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Original Photo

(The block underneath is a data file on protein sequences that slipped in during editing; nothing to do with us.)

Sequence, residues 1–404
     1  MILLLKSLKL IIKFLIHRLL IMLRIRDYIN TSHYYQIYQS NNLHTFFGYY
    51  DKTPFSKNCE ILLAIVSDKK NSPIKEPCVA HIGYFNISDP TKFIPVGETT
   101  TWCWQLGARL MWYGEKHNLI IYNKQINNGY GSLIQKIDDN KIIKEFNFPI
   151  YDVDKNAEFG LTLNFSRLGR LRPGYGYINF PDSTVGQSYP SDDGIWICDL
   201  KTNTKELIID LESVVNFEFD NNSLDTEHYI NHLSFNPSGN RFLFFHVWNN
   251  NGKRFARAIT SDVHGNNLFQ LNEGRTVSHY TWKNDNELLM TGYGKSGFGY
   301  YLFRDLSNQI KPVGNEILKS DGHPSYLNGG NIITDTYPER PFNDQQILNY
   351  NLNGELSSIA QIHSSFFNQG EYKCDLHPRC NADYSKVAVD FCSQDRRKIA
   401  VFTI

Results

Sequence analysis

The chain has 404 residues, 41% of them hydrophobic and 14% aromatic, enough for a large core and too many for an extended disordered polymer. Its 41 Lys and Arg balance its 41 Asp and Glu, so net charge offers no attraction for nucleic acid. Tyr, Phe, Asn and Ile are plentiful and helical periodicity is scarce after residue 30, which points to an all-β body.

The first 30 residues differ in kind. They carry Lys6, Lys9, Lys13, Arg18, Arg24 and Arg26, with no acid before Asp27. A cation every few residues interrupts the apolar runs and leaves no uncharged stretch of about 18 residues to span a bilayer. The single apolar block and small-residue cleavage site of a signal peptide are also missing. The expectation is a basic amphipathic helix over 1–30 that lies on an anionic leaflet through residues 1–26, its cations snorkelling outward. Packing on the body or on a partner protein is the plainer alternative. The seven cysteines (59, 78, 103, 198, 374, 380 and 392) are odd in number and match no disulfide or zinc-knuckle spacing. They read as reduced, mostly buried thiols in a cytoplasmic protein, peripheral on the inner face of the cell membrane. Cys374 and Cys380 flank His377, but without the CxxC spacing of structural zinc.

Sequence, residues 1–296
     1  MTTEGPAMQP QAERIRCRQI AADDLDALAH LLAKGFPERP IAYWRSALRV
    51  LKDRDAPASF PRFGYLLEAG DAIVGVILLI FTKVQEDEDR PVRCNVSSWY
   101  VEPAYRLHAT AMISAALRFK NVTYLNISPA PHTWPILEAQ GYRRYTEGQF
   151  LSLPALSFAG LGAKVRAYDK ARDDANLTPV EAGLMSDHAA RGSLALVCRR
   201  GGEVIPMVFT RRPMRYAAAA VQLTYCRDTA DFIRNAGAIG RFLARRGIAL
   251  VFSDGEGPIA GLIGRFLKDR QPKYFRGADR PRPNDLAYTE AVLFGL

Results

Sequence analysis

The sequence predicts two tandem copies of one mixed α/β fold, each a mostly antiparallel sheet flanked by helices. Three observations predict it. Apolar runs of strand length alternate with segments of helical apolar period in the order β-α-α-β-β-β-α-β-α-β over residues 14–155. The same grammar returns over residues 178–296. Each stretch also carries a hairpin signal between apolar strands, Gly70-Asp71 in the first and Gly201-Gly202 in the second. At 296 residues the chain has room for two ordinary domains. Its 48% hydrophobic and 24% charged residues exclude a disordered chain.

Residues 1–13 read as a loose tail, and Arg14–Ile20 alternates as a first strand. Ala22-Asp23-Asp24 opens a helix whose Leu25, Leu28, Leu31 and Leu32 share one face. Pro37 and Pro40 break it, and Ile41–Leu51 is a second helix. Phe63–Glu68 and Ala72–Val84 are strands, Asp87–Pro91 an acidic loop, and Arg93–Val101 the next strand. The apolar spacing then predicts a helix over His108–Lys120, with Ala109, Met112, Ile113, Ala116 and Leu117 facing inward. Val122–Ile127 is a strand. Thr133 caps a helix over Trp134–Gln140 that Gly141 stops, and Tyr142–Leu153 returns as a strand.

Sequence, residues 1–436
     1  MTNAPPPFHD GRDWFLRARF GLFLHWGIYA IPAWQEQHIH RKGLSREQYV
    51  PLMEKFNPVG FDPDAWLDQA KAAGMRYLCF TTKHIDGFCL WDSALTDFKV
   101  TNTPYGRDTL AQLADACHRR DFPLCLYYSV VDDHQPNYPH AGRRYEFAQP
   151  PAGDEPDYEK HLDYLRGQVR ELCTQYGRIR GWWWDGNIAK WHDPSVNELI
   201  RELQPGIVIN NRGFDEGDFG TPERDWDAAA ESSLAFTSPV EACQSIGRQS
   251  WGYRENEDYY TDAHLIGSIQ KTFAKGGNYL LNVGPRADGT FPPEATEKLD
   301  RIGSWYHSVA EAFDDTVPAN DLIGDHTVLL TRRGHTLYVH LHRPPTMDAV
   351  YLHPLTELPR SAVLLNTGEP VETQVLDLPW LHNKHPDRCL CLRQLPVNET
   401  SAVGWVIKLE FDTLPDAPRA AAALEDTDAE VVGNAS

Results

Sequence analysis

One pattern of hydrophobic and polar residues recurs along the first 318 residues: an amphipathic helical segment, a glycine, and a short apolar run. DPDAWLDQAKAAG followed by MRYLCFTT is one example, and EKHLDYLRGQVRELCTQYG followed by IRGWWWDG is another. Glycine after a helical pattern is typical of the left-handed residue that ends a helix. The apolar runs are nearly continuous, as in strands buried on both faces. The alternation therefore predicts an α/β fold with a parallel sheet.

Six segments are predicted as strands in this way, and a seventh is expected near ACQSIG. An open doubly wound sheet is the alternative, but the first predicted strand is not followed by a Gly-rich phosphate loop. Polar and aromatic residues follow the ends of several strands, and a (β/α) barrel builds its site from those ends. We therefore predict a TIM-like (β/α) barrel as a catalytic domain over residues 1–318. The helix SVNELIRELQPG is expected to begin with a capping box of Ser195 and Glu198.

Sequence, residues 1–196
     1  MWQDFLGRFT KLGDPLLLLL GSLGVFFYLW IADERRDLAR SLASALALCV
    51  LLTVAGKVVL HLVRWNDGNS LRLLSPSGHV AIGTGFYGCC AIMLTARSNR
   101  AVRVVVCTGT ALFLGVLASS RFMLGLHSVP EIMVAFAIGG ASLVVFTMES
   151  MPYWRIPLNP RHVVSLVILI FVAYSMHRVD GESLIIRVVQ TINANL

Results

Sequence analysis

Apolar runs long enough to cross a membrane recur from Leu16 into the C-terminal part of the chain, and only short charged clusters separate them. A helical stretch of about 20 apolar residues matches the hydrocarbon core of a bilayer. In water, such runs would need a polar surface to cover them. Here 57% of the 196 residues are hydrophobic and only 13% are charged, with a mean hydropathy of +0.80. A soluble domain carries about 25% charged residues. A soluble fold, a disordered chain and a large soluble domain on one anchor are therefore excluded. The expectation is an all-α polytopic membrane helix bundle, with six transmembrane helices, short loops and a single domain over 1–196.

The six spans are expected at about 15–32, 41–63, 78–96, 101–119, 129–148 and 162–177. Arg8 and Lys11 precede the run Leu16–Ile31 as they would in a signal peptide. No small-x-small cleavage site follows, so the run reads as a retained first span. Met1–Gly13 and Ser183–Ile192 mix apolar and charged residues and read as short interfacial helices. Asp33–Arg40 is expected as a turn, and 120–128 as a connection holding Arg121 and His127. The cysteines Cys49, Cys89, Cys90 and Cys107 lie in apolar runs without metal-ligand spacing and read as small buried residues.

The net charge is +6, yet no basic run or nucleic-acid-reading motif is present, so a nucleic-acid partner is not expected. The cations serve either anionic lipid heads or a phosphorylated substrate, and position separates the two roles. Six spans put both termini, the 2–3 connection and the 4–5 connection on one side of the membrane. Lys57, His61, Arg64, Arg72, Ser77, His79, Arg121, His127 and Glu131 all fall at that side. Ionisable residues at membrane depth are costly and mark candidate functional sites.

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The Islamic Republic and the Question of Women Within two weeks of coming to power, Ayatollah Khomeini in an attempt to reassert the clergy’s success over the Pahlavi modernist ideology annulled the Family Protection Law. Temporary marriage, which had been outlawed although it continued to be practiced among more traditional social groups, was not only legally sanctioned but was openly encouraged. The most dramatic change, however, was lowering the legal age of maturity to 9 for girls and to 14 for boys, and enshrining this in the constitution. This was interpreted to mean that girls could be given in marriage at the age of nine, the legal age at which they are punishable as adults for any criminal offense (Kar and Hoodfar 1996). Within a month of his return to Iran, Ayatollah Khomeini announced that women were barred from becoming judges in accordance with Islamic tradition. Three days after this announcement, Khomeini declared that women should wear the hijab at their place of work. Shortly after, the beaches were segregated. This was followed by the segregation of all sports events. This unexpected turn of events resulted in spontaneous demonstrations which continued for several weeks. Moreover these developments brought into focus a small gathering organized for March 8, International Women’s Day, by a small group of women with leftist tendencies. This event, which normally would go unnoticed, grew into a protest rally, as thousands demonstrated against the undemocratic imposition of these codes. Women lawyers, backed by secular as well as some Islamist forces, organized several sit-ins in the ministry of justice (Tabari and Yeganeh 1982). Despite a boycott of protest rallies by the media, including the national radio and television, the demonstrations attracted public attention and support. They also attracted mobs of religious zealots and paramilitary forces, mostly men but also women, armed with knives, broken glass, bricks, and stones. The counter-protestors attacked and injured many women, while the Revolutionary Guard, then serving as the regime’s police force, watched passively.

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